It helps in whipping volume (in the case of heavy cream).
It also helps to hold the milkfat emulsion better under heating conditions like when cooking in sauces.
It makes the cream also more opaque for creaming/whitening coffee and even reduces oil drops from rising on the surface of the coffee.

Essentially manufacturers choose the gums and proportions to suit their clientele which also means to go without for purist like yourself. Whatever sells and niche markets are more profitable.

Luc H.
I eat science everyday, do you?
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I eat science everyday, do you?
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post #11 of 47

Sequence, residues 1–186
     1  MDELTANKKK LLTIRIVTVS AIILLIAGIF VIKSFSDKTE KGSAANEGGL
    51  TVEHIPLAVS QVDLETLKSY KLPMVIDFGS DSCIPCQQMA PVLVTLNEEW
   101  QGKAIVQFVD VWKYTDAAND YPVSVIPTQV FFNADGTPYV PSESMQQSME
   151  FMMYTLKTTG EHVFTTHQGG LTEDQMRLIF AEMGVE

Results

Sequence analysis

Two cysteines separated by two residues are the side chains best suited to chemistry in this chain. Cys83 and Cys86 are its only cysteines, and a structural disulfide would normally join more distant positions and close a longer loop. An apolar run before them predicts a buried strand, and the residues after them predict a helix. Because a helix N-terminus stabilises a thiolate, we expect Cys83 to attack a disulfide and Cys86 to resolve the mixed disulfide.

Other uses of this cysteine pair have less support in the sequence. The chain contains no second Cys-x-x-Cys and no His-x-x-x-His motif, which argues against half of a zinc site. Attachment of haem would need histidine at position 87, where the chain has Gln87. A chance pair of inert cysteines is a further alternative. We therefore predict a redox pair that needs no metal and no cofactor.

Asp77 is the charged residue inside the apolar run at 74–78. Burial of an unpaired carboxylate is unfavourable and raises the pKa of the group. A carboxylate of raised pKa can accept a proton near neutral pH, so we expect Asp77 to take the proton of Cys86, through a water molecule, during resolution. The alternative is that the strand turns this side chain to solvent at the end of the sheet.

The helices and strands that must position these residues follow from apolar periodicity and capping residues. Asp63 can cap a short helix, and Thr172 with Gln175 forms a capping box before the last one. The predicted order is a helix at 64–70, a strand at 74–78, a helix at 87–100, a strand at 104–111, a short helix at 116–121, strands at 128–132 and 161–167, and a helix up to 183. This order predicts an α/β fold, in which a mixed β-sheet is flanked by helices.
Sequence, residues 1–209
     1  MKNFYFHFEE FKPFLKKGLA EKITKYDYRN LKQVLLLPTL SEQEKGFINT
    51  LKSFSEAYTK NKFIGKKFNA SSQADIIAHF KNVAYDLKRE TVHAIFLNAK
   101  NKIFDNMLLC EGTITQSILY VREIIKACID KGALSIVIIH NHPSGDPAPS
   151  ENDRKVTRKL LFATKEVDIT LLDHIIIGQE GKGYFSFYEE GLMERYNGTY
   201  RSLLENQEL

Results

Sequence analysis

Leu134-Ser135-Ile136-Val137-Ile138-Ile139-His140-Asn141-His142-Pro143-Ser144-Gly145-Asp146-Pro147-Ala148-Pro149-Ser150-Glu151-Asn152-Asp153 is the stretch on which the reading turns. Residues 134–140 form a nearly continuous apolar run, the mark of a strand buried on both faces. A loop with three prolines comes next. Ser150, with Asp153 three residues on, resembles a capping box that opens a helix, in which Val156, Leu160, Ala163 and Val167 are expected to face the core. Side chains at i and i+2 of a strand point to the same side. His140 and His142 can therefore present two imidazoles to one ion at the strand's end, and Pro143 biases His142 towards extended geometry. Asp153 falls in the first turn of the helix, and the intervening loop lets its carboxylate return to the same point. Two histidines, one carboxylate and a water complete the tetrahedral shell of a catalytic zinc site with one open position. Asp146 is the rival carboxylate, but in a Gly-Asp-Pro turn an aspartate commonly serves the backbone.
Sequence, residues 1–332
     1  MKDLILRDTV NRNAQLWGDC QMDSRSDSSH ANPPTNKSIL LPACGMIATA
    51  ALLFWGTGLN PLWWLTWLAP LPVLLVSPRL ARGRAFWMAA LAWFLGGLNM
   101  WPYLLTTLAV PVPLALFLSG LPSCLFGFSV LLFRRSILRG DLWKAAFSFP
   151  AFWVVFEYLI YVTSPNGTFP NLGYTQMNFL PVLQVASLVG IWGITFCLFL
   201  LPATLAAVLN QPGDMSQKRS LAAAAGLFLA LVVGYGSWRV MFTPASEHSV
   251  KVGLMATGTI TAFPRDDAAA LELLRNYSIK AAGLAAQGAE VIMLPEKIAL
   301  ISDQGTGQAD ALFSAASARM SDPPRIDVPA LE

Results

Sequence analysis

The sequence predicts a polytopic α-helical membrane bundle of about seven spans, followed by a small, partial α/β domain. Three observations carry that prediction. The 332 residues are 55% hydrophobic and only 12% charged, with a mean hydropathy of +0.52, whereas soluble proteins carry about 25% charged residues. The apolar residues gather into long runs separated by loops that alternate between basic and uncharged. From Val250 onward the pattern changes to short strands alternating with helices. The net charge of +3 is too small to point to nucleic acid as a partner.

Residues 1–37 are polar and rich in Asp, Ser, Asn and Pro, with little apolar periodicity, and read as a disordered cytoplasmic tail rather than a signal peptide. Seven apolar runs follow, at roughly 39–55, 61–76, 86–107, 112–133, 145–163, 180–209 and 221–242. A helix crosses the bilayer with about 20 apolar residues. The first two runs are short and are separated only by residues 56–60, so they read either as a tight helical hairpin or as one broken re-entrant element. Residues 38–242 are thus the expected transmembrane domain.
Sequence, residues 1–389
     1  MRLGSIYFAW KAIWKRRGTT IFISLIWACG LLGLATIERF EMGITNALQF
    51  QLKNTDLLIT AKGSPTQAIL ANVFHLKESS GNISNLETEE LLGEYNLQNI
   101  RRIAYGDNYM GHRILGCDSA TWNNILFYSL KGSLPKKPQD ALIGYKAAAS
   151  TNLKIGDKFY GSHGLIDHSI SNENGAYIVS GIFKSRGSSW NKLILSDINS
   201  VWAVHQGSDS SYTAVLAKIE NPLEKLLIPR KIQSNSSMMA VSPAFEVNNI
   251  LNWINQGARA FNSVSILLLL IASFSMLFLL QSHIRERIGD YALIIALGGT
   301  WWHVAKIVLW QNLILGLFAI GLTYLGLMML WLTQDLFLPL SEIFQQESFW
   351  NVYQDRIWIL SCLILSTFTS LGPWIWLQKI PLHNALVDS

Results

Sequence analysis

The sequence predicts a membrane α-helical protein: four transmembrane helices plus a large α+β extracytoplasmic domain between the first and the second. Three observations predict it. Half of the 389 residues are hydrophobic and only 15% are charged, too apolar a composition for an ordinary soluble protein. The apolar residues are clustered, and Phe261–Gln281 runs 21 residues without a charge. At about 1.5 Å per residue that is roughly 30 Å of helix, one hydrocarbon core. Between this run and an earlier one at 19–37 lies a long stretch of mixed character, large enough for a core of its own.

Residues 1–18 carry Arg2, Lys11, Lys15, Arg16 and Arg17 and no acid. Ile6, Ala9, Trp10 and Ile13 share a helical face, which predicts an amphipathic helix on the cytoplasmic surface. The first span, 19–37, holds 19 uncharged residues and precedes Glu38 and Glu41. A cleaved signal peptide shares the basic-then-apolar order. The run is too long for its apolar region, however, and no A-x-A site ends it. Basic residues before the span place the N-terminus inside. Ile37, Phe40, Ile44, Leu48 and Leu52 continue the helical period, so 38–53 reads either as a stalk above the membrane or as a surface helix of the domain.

Hi Shel,

I avoid eating any ultra-pasteurized dairy along with carrageenan. I too am surprised that pasteurized heavy cream has no additives like carrageenan it in.

Emily
post #12 of 47
Thread Starter 
Well, as long as I can get the good quality cream, organic or otherwise, and not have to get the additives, I'm happy. I've not noticed oil drops rising to the top of my coffee with the "purist" version of the cream - I'll have to pay attention. Thanks!
post #13 of 47
Thread Starter 
As Luc pointed out, it's probably the purist version :)
post #14 of 47
I have no problem with thickeners such as carageenan, xanthan or other vegetable-derived gums, unless I hear of a reason to be concerned. If taste of a product is affected in a way that I don't like, then of course I care.

I think these stabilizers/emulsifiers serve a good purpose and make some things, such as ice cream, better sometimes.
post #15 of 47

Have a go at making it yourself!

Well I live over here in France and buying decent cream is impossible! It is impossible to whip and has zero flavour. When I asked local French people about it they tend to buy Chantilly in cans!!!!